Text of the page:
Ware also said male/female relationships are modeled in the Trinity, where in the Godhead the Son "eternally submits" to the Father.

"If it's true that in the Trinity itself--in the eternal relationships of Father, Son and Spirit, there is authority and submission, and the Son eternally submits to the will of the Father--if that's true, then this follows: It is as Godlike to submit to rightful authority with joy and gladness as it is Godlike to exert wise and beneficial rightful authority."

Bob Allen is managing editor of EthicsDaily.com.

Also see:
Speaker Chastised Over Criticism of 'Biblical Patriarchy' at SBC SeminarySouthern Baptist Leaders' Comments Echo 'Biblical Patriarchy' Theology

Monday, July 28, 2008

Women Making Choices in Brazil

With Maria Riveros and her daughter in mind, I continued my vacation, flying to Rio de Janeiro and soon enjoying an evening performance of Brazilian dance, from samba to capoeira.

Brazilians are sometimes called the world’s most joyous people, and that infectious joy was evident in the dancers’ smiles and energy in glamorous and scanty carnival costume.

But my Lonely Planet guidebook informed me that there is another side to that abundant and joyful sexuality: “Nearly one in two women of child-bearing age has been sterilized in Brazil… Although abortions are illegal in Brazil—except in cases of rape and maternal health risks—an estimated 1 million are performed each year (often with substantial health risks)” p. 54.

Looking at the young beautiful dancers, I wondered which of them had chosen sterilization or at-home abortion in order to continue their profession without interruption. Birth control pills are available over the counter in Brazil to those who can afford them, but there is a high rate of contraceptive failure.

The World Facts Index reports 64 million Brazilian women of ages 15-64 out of a population of about 190 million. If say 50 million are of child-bearing age but half are sterilized, that would mean one million abortions per year among 25 million women—for fertile women, a 1/25 chance each year of undergoing a risky, unsanitary abortion.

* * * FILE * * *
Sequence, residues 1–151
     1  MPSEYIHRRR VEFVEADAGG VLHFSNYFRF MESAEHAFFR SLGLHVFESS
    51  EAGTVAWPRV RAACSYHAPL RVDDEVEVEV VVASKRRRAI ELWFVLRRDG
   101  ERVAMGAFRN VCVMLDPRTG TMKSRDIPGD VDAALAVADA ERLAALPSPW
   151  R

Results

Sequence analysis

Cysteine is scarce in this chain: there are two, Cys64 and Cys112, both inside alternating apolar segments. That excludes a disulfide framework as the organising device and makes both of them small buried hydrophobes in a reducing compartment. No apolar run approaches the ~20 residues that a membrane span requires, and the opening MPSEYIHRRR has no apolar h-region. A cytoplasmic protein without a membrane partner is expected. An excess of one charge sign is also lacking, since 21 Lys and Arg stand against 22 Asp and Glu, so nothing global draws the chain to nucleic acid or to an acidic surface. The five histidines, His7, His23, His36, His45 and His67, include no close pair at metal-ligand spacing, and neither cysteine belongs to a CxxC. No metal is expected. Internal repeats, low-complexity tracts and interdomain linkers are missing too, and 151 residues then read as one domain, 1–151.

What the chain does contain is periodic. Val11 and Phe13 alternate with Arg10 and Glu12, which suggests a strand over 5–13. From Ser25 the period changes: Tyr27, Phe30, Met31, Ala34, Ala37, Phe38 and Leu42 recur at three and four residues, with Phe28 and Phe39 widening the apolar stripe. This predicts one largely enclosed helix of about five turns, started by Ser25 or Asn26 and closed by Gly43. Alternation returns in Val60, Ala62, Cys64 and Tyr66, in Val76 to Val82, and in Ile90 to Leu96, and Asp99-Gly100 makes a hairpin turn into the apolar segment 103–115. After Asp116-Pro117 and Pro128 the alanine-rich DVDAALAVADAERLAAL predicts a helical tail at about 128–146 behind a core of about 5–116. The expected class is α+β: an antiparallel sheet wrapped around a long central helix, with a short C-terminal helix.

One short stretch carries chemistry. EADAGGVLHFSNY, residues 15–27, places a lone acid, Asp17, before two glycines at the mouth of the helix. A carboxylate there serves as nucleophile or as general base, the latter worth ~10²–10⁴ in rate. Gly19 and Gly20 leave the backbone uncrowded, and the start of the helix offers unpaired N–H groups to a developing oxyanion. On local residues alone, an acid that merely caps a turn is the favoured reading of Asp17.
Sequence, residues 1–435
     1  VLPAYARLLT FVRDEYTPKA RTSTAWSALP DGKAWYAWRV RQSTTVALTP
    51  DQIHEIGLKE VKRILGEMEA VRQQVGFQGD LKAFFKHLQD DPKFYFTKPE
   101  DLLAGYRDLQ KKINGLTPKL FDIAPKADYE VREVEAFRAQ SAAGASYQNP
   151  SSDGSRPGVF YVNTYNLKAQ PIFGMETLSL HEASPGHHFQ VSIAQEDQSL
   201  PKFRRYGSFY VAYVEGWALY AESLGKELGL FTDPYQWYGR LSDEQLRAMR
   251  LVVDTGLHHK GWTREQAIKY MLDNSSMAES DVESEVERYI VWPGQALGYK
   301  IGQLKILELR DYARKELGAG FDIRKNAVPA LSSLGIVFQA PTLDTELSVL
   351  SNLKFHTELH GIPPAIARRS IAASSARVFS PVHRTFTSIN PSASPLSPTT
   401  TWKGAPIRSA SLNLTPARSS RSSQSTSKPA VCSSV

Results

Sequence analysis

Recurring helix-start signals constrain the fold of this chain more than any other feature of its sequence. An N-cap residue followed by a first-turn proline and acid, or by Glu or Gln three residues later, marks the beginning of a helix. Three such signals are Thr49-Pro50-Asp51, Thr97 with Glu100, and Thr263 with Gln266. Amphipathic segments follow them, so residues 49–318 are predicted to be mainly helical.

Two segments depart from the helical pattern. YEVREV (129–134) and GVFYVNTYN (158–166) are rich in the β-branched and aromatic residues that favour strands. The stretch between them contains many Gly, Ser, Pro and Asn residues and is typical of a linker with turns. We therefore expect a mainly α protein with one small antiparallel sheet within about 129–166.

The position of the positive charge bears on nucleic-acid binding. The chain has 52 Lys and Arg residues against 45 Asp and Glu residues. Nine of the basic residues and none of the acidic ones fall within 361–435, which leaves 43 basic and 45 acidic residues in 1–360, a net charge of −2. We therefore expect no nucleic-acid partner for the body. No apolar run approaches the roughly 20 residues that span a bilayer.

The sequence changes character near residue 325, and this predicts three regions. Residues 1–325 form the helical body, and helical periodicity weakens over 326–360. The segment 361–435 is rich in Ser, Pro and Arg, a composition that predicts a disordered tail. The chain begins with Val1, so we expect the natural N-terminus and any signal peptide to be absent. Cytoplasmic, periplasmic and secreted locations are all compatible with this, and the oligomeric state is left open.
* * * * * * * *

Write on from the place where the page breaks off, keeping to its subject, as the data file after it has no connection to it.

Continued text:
As a result, Brazil has one of the highest maternal mortality rates in Latin America, about 141 deaths per 1,000 births, as compared to eight per 1,000 in the United States--such sadness underlying the ebullient sexuality of Brazil.

Toward the end of the show, the MC asked which countries were represented in the audience and then sang a favorite song from each country, ending with the entire cast dancing and singing.“Brasil, Brasil…”

International friendliness and national pride were everywhere, but I heard a sober undertone of the price women pay for managing their fertility.
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See also:
Report: Global Gag Rule Spurring Deaths, Disease (Women’s eNews, Sept. 25, 2003)

Thursday, July 24, 2008

A Mother's Choice in Paraguay

While visiting my 21-year-old daughter at the end of her six months of study in Argentina, I visited Paraguay and bought a newspaper, ABC Color, published in the capital, Asuncion.

On page 42, an article caught my eye: "Menor sometida a operacion ilegal en San Ignacio se debate entre la vida y la muerte."

Photos showed an obstetrician, Rosa Nunez, showing where a fetus had been buried outside her home and a police officer digging up the remains. The report says Rosa had admitted doing "clandestine abortions." ("La functionaria reconocio que practica abortos en forma clandestina.")

Suddenly I was no longer an innocent tourist. I realized I was in a country where abortion is illegal, where a mother who finds that her 16-year-old daughter is pregnant has only two choices: providing support as her child becomes a mother or finding someone who will risk performing an illegal abortion at home.

I remembered that safe, legal abortions are not available in Mexico, Latin Americ, and South America except to save a woman's life. In a few countries (Argentina, Bolivia, Costa Rica, Ecuador, Peru, and Uruguay), abortions can also be done if a woman's health is in danger or perhaps if the fetus is impaired, and in 2005 Brazil passed a law permitting abortion for rape victims.

In the United States we are fighting to keep abortion legal and to ensure availability as opponents find an increasing number of ways to limit access. But in the southern hemisphere millions of women have only two choies when contraception fails or is not available: keeping the baby or risking their lives while breaking the law.

As the mother of three daughters, my heart goes out to this mother, Maria Riveros, who tried to help her daughter end a pregnancy. The fetus turned out to be about four months along; the extraction had to be performed by dismembering it.

The sixteen-year-old (identified only as V.R.) experienced severe pain during the following 24 hours, so Maria took her back to the Rosa Nunez, who sent them to the nearest hospital. A hysterectomy was performed but the girl's life was still in danger.

Soon a police officer was excavating the fetus and charging Rosa and her daughter, a nurse who had assisted, with the crime of performing an abortion.

Note to any prolife readers: if you succeed in making abortion illegal again in the US, this scenario will be taking place here again.

See also: